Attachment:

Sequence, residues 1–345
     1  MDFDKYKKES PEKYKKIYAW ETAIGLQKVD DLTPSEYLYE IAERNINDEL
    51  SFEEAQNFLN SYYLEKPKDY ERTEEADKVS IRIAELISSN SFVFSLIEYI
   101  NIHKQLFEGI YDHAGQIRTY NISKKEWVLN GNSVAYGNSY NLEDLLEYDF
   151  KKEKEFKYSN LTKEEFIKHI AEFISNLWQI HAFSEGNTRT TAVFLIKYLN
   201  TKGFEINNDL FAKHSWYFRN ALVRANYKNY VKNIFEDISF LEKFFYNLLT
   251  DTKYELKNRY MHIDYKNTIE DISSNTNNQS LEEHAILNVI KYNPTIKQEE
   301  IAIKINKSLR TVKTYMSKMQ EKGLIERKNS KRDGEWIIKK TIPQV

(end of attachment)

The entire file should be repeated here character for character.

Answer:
Sequence, residues 1–345
     1  MDFDKYKKES PEKYKKIYAW ETAIGLQKVD DLTPSEYLYE IAERNINDEL
    51  SFEEAQNFLN SYYLEKPKDY ERTEEADKVS IRIAELISSN SFVFSLIEYI
   101  NIHKQLFEGI YDHAGQIRTY NISKKEWVLN GNSVAYGNSY NLEDLLEYDF
   151  KKEKEFKYSN LTKEEFIKHI AEFISNLWQI HAFSEGNTRT TAVFLIKYLN
   201  TKGFEINNDL FAKHSWYFRN ALVRANYKNY VKNIFEDISF LEKFFYNLLT
   251  DTKYELKNRY MHIDYKNTIE DISSNTNNQS LEEHAILNVI KYNPTIKQEE
   301  IAIKINKSLR TVKTYMSKMQ EKGLIERKNS KRDGEWIIKK TIPQV